In some situations, you might want to run a .NET 2 Runtime application (.NET 2, 3.0, 3.5 SP1 etc) under the .NET 4 Runtime – without recompiling.
You can configure your app to execute under the .NET 4 runtime by adding these lines to the executable’s configuration file, under the root configuration element:
<supportedRuntime version=”v4.0″ sku=”.NETFramework,Version=v4.0″/>
Because the security . . . → Read More: Running .NET 2 Runtime applications under the .NET 4 Runtime
I’ve been writing some unit tests recently that test some multi-threaded functionality.
Typically this involves hooking up some event handlers then waiting for some asynchronous code to fire the event before proceeding with the unit test and assertions.
The ManualResetEvent class (MSDN) seems a good choice for this, and this post has a small example of using it . . . → Read More: Unit testing multi-threaded, asynchronous code and/or events
This details how you can debug an application running on a remote machine from Visual Studio on your local machine, as if the remote application was running on your local machine.
The keys are:
There must be a user account with the same username and password on the remote machine and the local machine (MACHINE account, not domain . . . → Read More: Remote debugging from Visual Studio 2008 on a domain machine to a machine not on the domain
The IPFilter Updater application now has its own page: http://www.davidmoore.info/ipfilter-updater/
uTorrent is one of the most popular BitTorrent clients out there. In my opinion it’s the best.
You can set up IP filtering in uTorrent to block bad seeds and peers from a list maintained by the community.
How to set up IP filtering in uTorrent
Open up uTorrent and . . . → Read More: Set up IP filtering in uTorrent and keep your ipfilter.dat up to date easily
In some of the work I’m doing right now, I’m manipulating an assembly after compile time – having it disassembled into IL, tweaked, then re-compiled back into an assembly.
The assembly is signed and what is being done to the assembly is breaking the strong name. This is quite comforting to know; the strong name wouldn’t be . . . → Read More: Could not load file or assembly ‘x’ or one of its dependencies. Strong name validation failed.
If you have several applications that are using NLog, it can be a good idea to install NLog into the GAC and reference that.
A gotcha you must watch out for is caused by this piece of configuration from the NLog site:
<section name=”nlog” type=”NLog.Config.ConfigSectionHandler, NLog”/>
Because you are not using the strong name for the Assembly-qualified name of . . . → Read More: Configuring NLog for your application when NLog is in the Global Assembly Cache (GAC)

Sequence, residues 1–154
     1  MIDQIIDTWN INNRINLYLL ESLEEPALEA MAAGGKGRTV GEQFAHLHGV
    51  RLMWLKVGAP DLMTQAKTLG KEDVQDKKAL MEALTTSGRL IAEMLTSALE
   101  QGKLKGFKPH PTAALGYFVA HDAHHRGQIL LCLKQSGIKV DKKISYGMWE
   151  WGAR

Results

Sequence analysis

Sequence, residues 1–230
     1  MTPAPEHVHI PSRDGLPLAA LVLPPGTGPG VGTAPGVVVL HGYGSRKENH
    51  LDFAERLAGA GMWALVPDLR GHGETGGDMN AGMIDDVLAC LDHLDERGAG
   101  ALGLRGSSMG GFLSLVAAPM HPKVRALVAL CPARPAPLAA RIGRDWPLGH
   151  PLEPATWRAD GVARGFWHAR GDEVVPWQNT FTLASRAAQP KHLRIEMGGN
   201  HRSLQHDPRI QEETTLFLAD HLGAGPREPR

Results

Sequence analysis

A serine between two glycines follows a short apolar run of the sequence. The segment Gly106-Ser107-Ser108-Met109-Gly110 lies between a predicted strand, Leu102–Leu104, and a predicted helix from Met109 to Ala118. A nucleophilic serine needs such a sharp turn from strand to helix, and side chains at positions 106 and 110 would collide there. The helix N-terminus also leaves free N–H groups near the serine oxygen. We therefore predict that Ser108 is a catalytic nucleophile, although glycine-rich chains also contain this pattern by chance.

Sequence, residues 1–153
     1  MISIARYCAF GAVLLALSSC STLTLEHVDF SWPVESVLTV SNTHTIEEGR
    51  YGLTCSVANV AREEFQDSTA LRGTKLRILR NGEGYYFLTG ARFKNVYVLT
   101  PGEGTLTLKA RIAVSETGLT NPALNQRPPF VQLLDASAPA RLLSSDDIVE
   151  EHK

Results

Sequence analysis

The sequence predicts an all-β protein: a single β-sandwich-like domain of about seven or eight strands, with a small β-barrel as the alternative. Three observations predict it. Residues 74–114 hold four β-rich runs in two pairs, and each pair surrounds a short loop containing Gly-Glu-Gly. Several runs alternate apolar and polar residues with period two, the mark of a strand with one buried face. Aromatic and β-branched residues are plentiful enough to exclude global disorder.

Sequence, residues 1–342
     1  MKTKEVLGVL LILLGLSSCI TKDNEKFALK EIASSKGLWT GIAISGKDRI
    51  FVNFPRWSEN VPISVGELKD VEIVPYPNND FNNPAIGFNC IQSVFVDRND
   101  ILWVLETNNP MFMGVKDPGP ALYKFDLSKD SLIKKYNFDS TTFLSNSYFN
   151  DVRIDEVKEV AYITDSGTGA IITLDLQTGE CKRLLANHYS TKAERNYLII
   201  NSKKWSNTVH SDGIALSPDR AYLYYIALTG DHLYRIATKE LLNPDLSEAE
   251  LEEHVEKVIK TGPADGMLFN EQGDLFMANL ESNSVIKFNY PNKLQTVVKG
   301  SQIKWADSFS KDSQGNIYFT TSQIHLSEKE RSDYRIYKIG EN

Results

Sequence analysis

Most thumbnail-generation solutions will shrink the original down while maintaining aspect ratio.
Usually you specify the maximum height and width of the thumbnail, e.g. 150 x 200.
However, if your original image’s aspect ratio is different to the maximum thumbnail dimensions, you will end up with dead space vertically or horizontally (shown in green in the illustration). This can be quite an eyesore when displaying thumbnails in a grid.
I’ve got an algorithm that will automatically crop the image either horizontally or vertically to then match the thumbnail aspect ratio, so you end up with the thumbnails all being the same size even though they may be coming from originals of wildly different aspect ratio.
In the illustration, you can see that the image is scaled down and fills all the available thumbnail space, showing the parts in grey from the original that were cropped out.
The algorithm does the cropping before the resizing. It takes the width and height of the original image, and the width and height of the desired thumbnail. It will return the width and height that the original must be cropped to, to match the aspect ratio of the thumbnail. Continue reading Creating thumbnail images with automatic cropping and maintaining aspect ratio
Hamilton has applied a bunch of patches and fixes to the Castle Project for the Components and Windsor sub-projects. Including 2 minor and insignificant patches that I submitted +D. It’s good to feel part of a major Open Source project, even for a small contribution.
While I’m currently focusing my efforts on ASP.NET MVC and moved away . . . → Read More: Castle Project update
I’m running Visual Studio 2008 on a old, single-core laptop with 1GB RAM.
VS is a resource hog, so it’s not long before my laptop is struggling having a reasonable size solution in addition to the usual open applications.
There are a few things you can do to try and squeeze a bit more performance out of Visual . . . → Read More: Visual Studio Performance
I’m currently build the new Overclockers New Zealand website in .NET
I have a nice continuous integration server going smoothly, but my most recent check-in threw up a strange error when running the Unit Tests:
System.BadImageFormatException : Could not load file or assembly ‘Overclockers.Web, Version=126.96.36.199, Culture=neutral, PublicKeyToken=null’ or one of its dependencies. The module was expected to contain . . . → Read More: System.BadImageFormatException